North Carolina leaders should fund public schools adequately and address a long-lingering achievement gaps in student performance, says a panel of “Influencers” assembled by McClatchy papers The News & Observer, The Charlotte Observer and The Herald-Sun.
The papers are surveying the 60-member panel on key state issues.
And public education has been a major talking point already this year, after more than 20,000 educators and K-12 advocates swamped Raleigh in May to protest state lawmakers’ public school policymaking.
Members of the papers’ “Influencers” panel—which includes conservative and liberal pundits, business leaders, politicians and more—say public school funding is key.
From The N&O Monday:
Nearly all the Influencers listed adequate funding as being very important, saying that taking care of that issue would help solve a variety of other problems affecting the state’s K-12 education system.
“While many of these issues are very important, adequate funding is the most important,” said Pamela Davies, president of Queens University of Charlotte. “If NC was funding K-12 education appropriately, many deficiencies in our system, including teacher pay and Pre-K, could be addressed.
“However, money alone is not the answer. Strong leadership, both in the system and in the school house, is imperative if we are to deliver the quality of education the children of North Carolina deserve.”
After adequate funding, the 57 Influencers who responded listed closing the racial achievement gap and increasing teacher pay as their next two highest concerns. Making schools safer, creating universal pre-K, boosting vocational education and closing the rural-urban divide were also rated as very important by at least half the respondents.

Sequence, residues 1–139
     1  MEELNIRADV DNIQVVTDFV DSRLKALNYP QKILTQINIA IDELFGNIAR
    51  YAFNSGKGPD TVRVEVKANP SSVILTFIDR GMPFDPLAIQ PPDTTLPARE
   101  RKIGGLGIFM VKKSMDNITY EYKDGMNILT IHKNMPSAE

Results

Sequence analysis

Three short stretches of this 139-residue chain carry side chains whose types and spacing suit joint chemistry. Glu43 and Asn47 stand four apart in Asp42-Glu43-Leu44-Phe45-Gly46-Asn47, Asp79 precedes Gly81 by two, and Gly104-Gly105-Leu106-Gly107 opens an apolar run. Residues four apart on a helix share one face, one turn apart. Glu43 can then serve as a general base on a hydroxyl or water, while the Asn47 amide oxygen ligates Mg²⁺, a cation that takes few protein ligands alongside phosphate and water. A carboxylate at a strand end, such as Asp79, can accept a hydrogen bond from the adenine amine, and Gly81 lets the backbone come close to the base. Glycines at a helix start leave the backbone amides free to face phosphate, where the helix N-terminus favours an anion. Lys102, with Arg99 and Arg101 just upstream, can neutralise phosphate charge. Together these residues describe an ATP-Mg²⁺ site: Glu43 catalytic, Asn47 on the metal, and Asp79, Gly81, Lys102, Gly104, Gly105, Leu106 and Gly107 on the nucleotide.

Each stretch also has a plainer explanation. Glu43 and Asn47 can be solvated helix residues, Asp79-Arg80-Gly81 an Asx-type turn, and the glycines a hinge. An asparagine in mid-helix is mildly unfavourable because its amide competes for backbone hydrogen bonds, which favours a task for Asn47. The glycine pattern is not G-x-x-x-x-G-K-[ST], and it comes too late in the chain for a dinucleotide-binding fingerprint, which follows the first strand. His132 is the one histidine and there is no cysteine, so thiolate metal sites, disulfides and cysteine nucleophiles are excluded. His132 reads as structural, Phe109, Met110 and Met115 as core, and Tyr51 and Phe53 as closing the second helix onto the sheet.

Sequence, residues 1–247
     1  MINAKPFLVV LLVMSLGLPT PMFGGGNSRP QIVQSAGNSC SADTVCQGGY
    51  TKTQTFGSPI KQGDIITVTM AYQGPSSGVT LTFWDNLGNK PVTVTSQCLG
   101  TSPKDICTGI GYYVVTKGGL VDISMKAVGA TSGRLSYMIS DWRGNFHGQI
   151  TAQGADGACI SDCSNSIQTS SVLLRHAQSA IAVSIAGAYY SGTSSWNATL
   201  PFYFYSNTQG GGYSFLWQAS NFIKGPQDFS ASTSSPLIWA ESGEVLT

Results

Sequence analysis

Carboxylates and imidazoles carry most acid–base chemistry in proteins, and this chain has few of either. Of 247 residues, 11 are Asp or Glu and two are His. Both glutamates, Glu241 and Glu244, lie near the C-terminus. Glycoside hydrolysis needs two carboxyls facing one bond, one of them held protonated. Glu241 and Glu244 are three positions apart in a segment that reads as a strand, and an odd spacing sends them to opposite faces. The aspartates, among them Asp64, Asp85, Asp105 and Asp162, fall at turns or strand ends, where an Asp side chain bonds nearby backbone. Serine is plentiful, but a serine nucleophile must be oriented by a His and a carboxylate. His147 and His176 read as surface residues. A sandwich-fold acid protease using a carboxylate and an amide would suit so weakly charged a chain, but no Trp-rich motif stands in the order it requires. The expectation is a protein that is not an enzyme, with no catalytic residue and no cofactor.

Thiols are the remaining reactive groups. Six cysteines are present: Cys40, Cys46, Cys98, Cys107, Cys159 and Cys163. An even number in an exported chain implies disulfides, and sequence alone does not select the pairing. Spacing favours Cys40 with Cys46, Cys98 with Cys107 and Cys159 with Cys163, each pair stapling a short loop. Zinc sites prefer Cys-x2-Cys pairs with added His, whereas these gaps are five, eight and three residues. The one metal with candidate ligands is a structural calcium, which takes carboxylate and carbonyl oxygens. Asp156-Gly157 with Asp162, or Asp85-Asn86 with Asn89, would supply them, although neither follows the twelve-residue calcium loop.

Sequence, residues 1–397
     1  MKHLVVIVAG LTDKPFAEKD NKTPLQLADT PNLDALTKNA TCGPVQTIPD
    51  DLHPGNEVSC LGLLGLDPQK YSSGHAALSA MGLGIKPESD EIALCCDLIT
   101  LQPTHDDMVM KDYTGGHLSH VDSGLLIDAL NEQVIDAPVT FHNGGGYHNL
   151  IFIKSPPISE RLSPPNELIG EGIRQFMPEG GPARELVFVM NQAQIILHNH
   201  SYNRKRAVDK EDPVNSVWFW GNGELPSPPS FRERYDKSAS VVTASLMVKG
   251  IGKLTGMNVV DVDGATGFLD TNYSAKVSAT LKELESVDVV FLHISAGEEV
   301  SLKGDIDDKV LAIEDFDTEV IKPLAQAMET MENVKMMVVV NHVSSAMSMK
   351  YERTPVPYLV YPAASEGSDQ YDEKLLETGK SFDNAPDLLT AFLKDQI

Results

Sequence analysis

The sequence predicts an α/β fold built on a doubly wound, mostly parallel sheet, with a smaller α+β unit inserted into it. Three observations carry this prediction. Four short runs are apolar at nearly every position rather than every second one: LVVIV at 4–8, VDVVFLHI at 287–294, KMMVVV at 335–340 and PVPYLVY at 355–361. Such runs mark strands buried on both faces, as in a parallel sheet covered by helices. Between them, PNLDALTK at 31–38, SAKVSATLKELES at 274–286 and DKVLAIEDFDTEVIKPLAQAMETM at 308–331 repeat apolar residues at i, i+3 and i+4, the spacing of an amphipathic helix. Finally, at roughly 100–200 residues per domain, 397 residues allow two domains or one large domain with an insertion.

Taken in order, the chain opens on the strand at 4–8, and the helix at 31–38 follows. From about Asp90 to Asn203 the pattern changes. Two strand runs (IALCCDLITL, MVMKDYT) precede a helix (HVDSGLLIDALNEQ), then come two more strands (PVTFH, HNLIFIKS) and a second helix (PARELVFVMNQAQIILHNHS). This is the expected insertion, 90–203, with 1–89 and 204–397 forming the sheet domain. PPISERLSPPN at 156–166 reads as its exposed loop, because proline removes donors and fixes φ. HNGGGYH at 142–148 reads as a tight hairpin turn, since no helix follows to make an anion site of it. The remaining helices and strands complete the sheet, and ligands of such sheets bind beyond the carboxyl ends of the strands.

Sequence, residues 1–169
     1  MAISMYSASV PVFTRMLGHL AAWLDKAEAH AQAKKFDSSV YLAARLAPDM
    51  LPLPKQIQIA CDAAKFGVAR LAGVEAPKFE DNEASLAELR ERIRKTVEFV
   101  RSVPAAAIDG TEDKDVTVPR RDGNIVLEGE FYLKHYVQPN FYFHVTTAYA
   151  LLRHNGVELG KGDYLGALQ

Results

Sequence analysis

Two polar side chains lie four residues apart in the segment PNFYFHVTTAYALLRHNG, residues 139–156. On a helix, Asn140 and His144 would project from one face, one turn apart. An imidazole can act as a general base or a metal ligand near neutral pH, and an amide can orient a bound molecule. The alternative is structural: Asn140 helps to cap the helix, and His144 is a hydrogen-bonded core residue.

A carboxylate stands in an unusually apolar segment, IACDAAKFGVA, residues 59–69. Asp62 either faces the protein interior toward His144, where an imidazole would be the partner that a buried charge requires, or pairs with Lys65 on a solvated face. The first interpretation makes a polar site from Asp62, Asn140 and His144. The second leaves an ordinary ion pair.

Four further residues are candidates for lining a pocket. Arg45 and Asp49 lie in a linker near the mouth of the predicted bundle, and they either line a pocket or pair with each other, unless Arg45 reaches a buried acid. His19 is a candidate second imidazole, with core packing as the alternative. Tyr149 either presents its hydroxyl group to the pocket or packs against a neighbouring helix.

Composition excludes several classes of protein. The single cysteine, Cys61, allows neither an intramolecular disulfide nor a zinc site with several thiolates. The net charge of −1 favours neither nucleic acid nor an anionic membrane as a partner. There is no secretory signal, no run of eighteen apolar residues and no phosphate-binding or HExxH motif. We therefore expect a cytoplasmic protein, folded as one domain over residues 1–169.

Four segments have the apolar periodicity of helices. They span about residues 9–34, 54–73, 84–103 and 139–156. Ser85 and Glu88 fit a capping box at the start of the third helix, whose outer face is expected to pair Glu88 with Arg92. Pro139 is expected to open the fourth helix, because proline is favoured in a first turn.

Topics such as reducing class size, reducing use of standardized testing and expanding or reducing charter schools and school vouchers drew less support in the survey.
The funding issue comes at a time when state lawmakers have raised K-12 education funding to record levels and sharply raised teacher pay, especially for beginning teachers. But critics say education funding hasn’t risen enough and, when adjusted for inflation, is actually less than what it was before the recession in the late 2000s.
Around 19,000 teachers marched in downtown Raleigh in May to demand that state lawmakers do more to support public education.
“At all governmental levels we must adequately fund K-12 education,” said Webb Hubbell of Charlotte, an author and former Clinton Administration member. “Today’s society asks so much more from our schools and educators, and their importance needs to be reflected in the allocation of our resources.”
But not all Influencers agreed that lack of money is the problem for the state’s K-12 schools.
“Regardless of the party in control of the General Assembly, the default solution for schools has been to throw money at the problem,” said Paul Valone of Catawba, president of Grass Roots North Carolina. “Even under Republican control, pressure from the NCAE, the media, and ostensibly ‘progressive’ activists has led Republicans, who fear public pressure, to relent to essentially left-of-center solutions.”